Pay-Per-Click Speculators Driving Domain Registrations

from the testing-out-traffic-potential dept

Rob writes in with a link about how domain name manager VeriSign says that pay-per-click speculators are registering domain names like crazy. Since there's a five day grace period in which you can apparently cancel a domain name registration, speculators are buying up hundreds of thousands of domains and immediately shoving contextual advertising on them to see if they can make any money at all. And, since registrations are so cheap, it doesn't need to be very much money at all to make a little profit. If the domain is no good, then they just kill the registration in five days. Of course, what's not explained at all in the article is (a) what content is being put on the page to generate the contextual ads and (b) how traffic is being driven to these sites in the first place. The reason that's left out, most likely, is because the answers are that the content is simply copied from elsewhere and the traffic is driven through spamming techniques. Either way, it's basically a lot of junk cluttering the internet (often leading to click fraud as well). If the various pay-per-click providers were better at preventing such sites from using their tools, it would probably help reduce all that clutter (but, it could hurt the domain registrar business).


Reader Comments (rss)

(Flattened / Threaded)

  1.  
    identicon
    Michael Ward, Jul 21st, 2005 @ 11:38am

    Domain-click spam

    Why is there a five-day cooling off period for a registration?

    Doctor, it hurts when I hit myself like this.

    D'oh.

     

    reply to this | link to this | view in thread ]

  2.  
    identicon
    Richard, Jul 21st, 2005 @ 7:04pm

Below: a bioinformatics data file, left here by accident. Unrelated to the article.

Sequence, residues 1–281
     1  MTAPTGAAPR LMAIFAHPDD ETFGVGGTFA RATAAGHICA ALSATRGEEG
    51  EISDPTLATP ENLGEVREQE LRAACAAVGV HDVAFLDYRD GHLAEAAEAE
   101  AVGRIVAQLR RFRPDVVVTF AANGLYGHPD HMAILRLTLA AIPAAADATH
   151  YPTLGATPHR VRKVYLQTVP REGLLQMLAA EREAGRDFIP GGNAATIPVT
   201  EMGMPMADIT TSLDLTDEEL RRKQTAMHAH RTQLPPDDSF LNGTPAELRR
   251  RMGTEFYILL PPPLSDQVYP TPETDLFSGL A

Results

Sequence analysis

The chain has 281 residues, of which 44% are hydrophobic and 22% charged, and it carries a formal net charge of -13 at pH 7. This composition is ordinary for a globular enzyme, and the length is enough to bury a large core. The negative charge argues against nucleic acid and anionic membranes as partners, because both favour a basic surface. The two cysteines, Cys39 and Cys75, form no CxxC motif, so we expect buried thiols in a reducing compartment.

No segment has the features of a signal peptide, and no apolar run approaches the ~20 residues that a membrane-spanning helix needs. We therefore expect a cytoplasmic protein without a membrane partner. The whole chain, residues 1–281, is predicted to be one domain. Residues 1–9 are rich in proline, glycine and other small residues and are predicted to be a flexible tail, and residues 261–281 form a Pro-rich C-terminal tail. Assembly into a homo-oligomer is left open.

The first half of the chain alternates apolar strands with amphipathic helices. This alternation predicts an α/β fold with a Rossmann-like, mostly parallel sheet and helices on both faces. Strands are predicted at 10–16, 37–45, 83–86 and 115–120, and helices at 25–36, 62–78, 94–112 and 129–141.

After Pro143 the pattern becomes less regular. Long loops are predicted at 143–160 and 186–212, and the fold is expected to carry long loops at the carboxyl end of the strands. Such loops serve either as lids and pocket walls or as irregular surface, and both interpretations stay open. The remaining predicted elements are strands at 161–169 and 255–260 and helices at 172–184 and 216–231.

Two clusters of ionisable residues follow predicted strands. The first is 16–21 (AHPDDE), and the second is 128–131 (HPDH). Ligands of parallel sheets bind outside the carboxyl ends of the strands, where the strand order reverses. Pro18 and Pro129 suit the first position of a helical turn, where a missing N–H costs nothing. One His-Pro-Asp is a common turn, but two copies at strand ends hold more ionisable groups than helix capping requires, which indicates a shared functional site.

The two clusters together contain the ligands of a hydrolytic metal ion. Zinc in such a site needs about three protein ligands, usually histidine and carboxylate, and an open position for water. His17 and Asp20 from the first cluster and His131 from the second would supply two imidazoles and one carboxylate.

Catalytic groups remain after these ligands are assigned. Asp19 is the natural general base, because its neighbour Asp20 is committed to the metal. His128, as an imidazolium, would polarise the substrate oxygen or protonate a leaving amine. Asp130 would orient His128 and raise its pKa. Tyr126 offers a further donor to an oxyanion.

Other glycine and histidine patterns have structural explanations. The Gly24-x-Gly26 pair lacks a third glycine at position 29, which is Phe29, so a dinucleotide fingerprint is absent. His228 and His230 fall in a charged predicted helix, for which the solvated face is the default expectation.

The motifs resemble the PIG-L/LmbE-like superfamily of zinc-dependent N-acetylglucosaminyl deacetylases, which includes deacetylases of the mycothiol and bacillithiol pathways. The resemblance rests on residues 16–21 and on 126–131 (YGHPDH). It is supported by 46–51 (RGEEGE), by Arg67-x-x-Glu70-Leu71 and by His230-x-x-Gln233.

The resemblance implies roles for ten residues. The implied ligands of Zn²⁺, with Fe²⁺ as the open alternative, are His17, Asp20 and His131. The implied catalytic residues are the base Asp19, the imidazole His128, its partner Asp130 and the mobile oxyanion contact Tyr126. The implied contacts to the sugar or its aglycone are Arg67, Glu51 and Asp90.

No Subject Given

    You're wrong with your two guesses about content and how traffic is driven to the sites.

    The content will generally just be a page of links (I'm sure you've seen domain holder pages) the links might be influenced by the actual domain name (i.e. if it has flowers in the url then this will influence the links that come up. As more traffic flows and people use the search box the links change to reflect this (there is a google adsense for domain parking program).

    Secondly the traffic comes from existing links (just because the domain expired doesn't mean all the links to it have suddenly disappeared), and if it was a semi-popular site people typing in the domain name directly.

     

    reply to this | link to this | view in thread ]

  3.  
    icon
    Mike (profile), Jul 21st, 2005 @ 11:11pm

    Re: No Subject Given

    That assumes these are all expired domains... which isn't what they appear to be discussing. Yes, I'd grant you that may be the case on expired domains.

     

    reply to this | link to this | view in thread ]

  4.  
    identicon
    Edwin, Jul 22nd, 2005 @ 1:30am

    Re: No Subject Given

    They are after type-in traffic i.e. traffic that just "happens" because people type that domain into the browser address bar. Could be because it's a generic domain (any major one-word or two-word generic .com gets people typing it in to see what happens, and some 3+ word domains get some typeins too) or that it's a typo of an existing site (Gogle.com parasiting on Google.com for example).

    For high-value keyphrases even 1 visitor per day is enough to make a domain name very profitable. For instance, with bids on poker traffic paying out over $10 a click, if you can find a clearly poker-related domain with 15 visitors a month, 1 of whom (on average) clicks an ad then you make $120 a year for a $7 registration... it's all a numbers game, pure and simple.

    Domains with residual links to them will require significantly more capital outlay than just the registration fees.

     

    reply to this | link to this | view in thread ]


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